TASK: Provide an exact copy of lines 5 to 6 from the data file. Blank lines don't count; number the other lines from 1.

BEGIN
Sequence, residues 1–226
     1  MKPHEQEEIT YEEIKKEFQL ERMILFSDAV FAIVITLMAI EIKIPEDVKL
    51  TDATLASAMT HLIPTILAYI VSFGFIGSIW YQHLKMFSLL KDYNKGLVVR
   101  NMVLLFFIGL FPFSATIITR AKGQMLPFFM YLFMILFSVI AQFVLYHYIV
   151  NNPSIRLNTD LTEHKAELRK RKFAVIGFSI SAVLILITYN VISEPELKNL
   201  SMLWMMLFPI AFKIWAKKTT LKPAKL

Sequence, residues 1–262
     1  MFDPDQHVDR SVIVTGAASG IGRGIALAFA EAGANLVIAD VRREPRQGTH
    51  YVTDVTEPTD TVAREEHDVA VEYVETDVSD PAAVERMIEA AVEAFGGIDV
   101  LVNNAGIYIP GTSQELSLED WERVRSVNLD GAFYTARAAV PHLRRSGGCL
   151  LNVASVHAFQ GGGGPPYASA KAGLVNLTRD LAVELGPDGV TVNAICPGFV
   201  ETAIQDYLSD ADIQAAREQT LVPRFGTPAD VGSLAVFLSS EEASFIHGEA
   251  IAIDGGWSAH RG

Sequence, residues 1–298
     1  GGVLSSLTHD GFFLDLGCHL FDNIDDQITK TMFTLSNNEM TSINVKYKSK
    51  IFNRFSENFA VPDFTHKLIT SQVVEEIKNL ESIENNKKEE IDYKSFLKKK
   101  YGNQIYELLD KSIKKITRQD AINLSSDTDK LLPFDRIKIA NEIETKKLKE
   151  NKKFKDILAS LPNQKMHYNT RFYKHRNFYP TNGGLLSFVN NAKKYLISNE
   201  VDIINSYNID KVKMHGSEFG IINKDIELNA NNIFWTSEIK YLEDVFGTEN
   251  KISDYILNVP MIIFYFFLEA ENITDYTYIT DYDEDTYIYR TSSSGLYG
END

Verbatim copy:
   151  NNPSIRLNTD LTEHKAELRK RKFAVIGFSI SAVLILITYN VISEPELKNL
   201  SMLWMMLFPI AFKIWAKKTT LKPAKL